A worker at Sanofi Pasteur, the world’s larges influenza vaccine manufacturer. Some researchers in the United States have published letters in the journals Nature and Science arguing to create a more virulent strain of the H7N9 avian flu to prepare for its possible spread in humans.  (Sanofi Pasteur/Flickr)

A worker at Sanofi Pasteur, the world’s larges influenza vaccine manufacturer. Some researchers in the United States have published letters in the journals Nature and Science arguing to create a more virulent strain of the H7N9 avian flu to prepare for its possible spread in humans. (Sanofi Pasteur/Flickr)

We wrote earlier this week about the latest avian flu news, concerning a new strain called H7N9 that has killed at least 43 people in Asia. Summary: A probable case of human-to-human transmission has been reported in China, and some flu researchers say they’re going to alter the H7N9 virus in the lab in ways that will make it more dangerous, in order to understand and defend against it better.

I was left a little confused about those highly controversial plans to modify the virus. Very scary. What if it got out? On the other hand, bird flu is scary too. Shouldn’t we do all we can to fight it?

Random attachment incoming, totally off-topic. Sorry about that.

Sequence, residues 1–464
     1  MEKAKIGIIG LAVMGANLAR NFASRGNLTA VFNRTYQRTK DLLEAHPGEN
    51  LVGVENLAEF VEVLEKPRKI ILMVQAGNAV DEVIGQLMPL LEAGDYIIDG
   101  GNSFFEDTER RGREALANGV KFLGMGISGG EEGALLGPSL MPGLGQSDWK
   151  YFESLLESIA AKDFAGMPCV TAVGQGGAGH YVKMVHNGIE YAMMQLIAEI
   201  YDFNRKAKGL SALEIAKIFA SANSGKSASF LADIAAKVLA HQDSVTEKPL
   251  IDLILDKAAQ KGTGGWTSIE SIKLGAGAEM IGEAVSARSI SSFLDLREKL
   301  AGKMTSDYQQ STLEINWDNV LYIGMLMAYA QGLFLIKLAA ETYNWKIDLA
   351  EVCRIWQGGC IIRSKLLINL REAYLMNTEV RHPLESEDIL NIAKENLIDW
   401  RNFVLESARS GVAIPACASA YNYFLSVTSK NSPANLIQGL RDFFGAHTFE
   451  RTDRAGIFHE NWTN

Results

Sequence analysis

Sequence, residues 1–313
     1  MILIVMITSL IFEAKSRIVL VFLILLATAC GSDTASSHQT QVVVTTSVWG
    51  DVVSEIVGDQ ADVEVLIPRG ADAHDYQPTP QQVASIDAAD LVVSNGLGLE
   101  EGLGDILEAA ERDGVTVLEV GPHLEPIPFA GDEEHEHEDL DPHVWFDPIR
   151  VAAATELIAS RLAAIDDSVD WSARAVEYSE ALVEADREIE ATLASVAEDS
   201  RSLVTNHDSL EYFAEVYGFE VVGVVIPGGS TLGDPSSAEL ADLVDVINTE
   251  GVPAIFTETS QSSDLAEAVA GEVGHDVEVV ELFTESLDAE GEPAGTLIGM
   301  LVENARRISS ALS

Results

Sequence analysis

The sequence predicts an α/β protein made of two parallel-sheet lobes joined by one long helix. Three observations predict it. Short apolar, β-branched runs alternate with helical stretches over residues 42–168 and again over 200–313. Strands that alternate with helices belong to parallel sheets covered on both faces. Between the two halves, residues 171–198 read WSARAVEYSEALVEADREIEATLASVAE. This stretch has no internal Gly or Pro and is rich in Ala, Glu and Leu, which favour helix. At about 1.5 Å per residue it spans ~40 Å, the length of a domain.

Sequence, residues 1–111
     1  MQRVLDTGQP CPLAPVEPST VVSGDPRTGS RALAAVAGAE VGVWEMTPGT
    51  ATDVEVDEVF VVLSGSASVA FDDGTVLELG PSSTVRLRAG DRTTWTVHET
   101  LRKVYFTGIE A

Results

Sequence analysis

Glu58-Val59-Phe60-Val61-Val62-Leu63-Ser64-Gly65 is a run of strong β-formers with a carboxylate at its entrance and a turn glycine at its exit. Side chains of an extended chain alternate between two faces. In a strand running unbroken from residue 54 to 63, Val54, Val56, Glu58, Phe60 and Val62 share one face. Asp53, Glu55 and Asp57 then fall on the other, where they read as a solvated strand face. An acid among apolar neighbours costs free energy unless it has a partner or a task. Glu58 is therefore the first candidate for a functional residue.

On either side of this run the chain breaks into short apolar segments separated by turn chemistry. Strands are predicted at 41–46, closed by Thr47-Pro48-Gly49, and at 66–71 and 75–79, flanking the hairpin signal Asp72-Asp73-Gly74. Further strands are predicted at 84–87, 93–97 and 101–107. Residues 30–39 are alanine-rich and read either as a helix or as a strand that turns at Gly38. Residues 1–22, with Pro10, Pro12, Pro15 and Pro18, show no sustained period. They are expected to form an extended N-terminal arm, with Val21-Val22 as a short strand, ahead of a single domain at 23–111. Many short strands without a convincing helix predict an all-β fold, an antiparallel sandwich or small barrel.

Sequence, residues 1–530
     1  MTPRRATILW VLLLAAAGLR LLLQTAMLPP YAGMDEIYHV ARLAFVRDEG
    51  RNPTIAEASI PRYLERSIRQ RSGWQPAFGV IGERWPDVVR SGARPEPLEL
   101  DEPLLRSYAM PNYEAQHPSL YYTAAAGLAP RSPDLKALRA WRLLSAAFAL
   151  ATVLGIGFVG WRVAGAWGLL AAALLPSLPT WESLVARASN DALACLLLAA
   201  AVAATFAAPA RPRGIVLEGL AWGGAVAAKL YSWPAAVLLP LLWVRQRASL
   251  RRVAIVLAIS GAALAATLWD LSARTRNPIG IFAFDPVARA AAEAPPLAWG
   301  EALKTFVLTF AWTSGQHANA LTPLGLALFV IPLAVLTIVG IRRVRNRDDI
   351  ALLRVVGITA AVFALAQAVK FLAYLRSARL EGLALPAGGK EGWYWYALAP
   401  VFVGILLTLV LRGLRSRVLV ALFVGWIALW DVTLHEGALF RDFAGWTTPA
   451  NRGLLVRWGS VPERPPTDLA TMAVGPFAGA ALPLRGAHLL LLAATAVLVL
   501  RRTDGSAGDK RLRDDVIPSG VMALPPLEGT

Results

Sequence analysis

I spoke with Dr. Michael V. Callahan, a Massachusetts General Hospital infectious disease and disaster medicine physician who deploys to large-scale disease outbreaks. He’s the director of a Department of Defense-funded project to predict and defend against dangerous virus mutations. He is also an expert on flu outbreaks and one of the few Americans to have treated H7N9 patients last March in China.

How, I asked, does he see the letters in Science and Nature announcing the researchers’ plans to modify the H7N9 virus?

Dr. Michael V. Callahan outside Harvard Medical School (Photo: Joseph Ferraro, Massachusetts General Hospital)

Dr. Michael V. Callahan at Mass. General Hospital (Photo: Joseph Ferraro, MGH)

“In the right environment, with peer review, these gains of function studies are revealing and will help us home in on those conserved, critical elements of influenza that we might someday be able to use to block [all strains of flu] with one vaccine,” he said.

So how about the suggestion in the letter that the research should begin quickly in hopes of producing something of value by this winter?